The pressure is relentless on the services side of networking. Witness the tremendous impact that cloud services—IaaS, PaaS, SaaS—alone are having on our technology infrastructure. The networker who is able to foresee developing service requirements, quickly evaluate and integrate needed services, and fine-tune service offerings to match the onrushing requirements drives strong value to organizations, projects, and programs looking to move at digital speed. And if you think Internet speed was fast, you ain’t seen nothing yet!

Number 7

Line of business impact: Where have we been? In the past, value equated to serving IT needs. IT functioned in a support role for the organization. And the networking staff served to support IT. If IT was happy with the network, then all was well for the networking staff. With digital business, lines of business (LOBs) look to IT to take an active lead role in transforming how the business uses technology to maximum effect.

To date, indications are that IT is serving more to disappoint than deliver here. Witness the climb in LOB technology spending and staffing over the last few years. Today, 50 percent or more of technology spending is controlled outside of IT. LOB endorsements of CIOs as their digital leader tend to be lukewarm at best. Even digital project teams often include as many or more LOB members as IT members. As digital activity heightens and accelerates, now is the time for the IT organization to step forward aggressively. And given that the network is likely core to every major digital thrust, it is certainly time for networking professionals to be front and center in digital initiatives. Play a lead, not a supporting, role.

“In the past, if your portion of the IT or network infrastructure was performing well, you were performing well. With digital business, it’s a team game. The question you need to ask is, 'How can the network help?'”

Number 8

Team contribution: Where have we been? In the past, value equated to individual contribution. If your portion of the IT or network infrastructure was performing well, you were performing well. What happened elsewhere in IT or anywhere else in the organization upstream or downstream from your “private” domain was the concern of others. With digital business, it’s a team game. Projects and programs cut across all technologies. Problems in one area must be addressed by all areas. If an application does not function well, or data is not being made available in a timely fashion, or security has been compromised, it’s everyone’s problem.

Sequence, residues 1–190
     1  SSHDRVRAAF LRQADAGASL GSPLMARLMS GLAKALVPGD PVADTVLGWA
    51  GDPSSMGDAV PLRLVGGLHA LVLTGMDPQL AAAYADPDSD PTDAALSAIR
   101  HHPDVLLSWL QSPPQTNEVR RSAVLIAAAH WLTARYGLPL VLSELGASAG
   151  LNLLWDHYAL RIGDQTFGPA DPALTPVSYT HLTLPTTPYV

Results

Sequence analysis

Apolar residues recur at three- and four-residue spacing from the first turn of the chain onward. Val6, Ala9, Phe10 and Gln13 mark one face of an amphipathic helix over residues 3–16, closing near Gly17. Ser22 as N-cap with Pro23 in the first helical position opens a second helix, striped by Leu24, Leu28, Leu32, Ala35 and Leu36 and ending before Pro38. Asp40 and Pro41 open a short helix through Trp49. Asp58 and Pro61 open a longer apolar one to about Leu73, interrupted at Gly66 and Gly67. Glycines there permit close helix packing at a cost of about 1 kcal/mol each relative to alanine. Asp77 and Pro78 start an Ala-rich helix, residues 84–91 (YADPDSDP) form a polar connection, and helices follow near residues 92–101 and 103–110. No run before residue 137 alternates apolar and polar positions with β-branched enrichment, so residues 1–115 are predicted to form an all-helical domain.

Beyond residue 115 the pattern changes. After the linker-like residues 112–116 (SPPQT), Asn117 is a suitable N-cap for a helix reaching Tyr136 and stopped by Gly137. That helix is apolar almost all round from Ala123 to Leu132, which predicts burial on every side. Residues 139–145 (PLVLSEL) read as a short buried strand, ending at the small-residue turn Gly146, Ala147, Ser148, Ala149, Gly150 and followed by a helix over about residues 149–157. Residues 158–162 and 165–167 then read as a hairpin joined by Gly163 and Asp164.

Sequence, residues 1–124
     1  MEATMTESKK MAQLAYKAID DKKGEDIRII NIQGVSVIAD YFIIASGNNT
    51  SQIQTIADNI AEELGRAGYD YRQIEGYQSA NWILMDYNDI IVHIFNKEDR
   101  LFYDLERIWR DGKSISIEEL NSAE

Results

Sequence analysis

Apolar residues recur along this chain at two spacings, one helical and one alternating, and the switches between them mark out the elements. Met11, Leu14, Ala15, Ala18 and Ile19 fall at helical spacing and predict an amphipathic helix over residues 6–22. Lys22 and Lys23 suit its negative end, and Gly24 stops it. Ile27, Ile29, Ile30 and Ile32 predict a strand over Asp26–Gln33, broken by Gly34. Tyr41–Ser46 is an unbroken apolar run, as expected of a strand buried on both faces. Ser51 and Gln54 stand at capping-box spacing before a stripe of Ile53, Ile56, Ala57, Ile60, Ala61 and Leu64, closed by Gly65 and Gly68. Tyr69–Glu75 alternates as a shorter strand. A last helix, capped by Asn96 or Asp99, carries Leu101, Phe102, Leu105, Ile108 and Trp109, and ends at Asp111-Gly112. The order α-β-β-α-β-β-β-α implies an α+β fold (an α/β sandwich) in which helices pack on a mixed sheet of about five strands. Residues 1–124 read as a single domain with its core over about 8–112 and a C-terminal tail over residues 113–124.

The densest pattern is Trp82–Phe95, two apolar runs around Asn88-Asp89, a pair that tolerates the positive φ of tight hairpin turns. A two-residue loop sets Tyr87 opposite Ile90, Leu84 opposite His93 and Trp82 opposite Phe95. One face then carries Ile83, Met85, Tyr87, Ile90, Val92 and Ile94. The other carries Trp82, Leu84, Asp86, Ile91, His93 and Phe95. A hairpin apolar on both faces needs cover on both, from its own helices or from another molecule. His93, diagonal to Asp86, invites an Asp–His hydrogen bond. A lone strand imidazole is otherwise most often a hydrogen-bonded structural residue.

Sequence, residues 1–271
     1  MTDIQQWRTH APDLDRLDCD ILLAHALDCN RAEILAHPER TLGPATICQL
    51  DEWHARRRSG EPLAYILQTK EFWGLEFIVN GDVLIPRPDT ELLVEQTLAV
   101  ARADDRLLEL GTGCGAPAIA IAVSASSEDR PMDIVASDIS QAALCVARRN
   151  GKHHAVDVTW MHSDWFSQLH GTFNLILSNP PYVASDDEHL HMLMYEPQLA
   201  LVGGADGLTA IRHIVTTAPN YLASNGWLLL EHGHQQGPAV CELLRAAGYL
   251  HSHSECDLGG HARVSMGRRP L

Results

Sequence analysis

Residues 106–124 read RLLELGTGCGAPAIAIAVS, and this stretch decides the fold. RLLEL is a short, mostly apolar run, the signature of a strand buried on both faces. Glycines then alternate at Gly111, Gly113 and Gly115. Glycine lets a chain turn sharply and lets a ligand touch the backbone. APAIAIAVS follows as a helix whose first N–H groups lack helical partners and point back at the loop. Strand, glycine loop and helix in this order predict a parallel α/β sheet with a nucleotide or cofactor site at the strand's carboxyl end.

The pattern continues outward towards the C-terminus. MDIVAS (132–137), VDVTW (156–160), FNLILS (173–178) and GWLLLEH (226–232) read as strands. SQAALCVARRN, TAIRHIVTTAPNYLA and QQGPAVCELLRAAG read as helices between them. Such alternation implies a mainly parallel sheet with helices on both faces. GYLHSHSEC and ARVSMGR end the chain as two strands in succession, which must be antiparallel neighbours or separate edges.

The question you need to ask is, “How can the network help?” Network intelligence should be aimed as much or even more at networked resources (for example, portals, apps, data, compute, users) as at networking resources (for example, devices, connections).

Number 9

Full-spectrum cybersecurity: Where have we been? In the past, value equated to, at best, network security. Or maybe value for you equated to only one network security function (for example, firewall, access control, encryption). Or maybe network security was someone else’s job altogether. With digital business transformation, you are now part of a far more comprehensive cybersecurity solution. In today’s environment, threats come from every angle and can come at any time.

Digital raises the stakes even further because of the heightened focus on customer information and big-data processing, that is, collecting, distributing, storing, linking, and analyzing. Examine any IoT deployment: The height and breadth of the cybersecurity challenge is readily apparent. This is not your father’s network security challenge anymore.

Number 10

Business-technology matchmaker: Where have we been? In the past, value equated to technical depth. The deeper your knowledge, the greater your value. The technical guru was celebrated. With digital business, while technical depth is certainly still valued, technology breadth and business acumen are rising in value as the lines blur between technology and business. Here, technology breadth enables a worker to fully function as part of multidisciplinary project/program teams. It allows workers to tune into issues beyond their primary domain. Business acumen enables workers to fully understand how their primary domain can best drive desired business outcomes. Here, it’s not all about how the technology works. Rather, it’s equally about how the technology (hardware, software, services, features, functions, policies, etc.) can best be used.

The aim is to be “double deep.” That is a term being used more and more to describe high-impact workers who operate equally well in the worlds of technology and business. Double your depth. Triple your value!

 

 

The above is my list of shifting value judgments as a long-time networker and industry watcher. (See my accompanying figure for a simple view of the above.) Is my list a perfect fit for every organization and networking professional? No. As we all know, every organization—just like every network—is unique. Demands vary. Designs vary. Variances can often easily outnumber similarities. But anyone ignoring the above in favor of their unique circumstance does stand to miss larger movements of technology worker roles and responsibilities.

 

 

How is your organization judging your value? What priorities are being set for you? What priorities are you setting for yourself? I welcome your views. I am always looking to learn. I am one old dog who does like to learn new tricks!

As always: Move forward. Move faster. Move further.

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Learning@Cisco analyst Mark Leary has more than 30 years of experience in the networking industry. Over that time, he has functioned as software developer, consulting engineer, enterprise architect, and industry analyst. Currently, he executes research, analysis, and consulting projects that guide the development, delivery, and evolution of Cisco's courseware and certifications. Mark’s primary areas of focus include technology trends, digital transformation, education practices, IT organizations, talent requirements, and worker learning and development movements.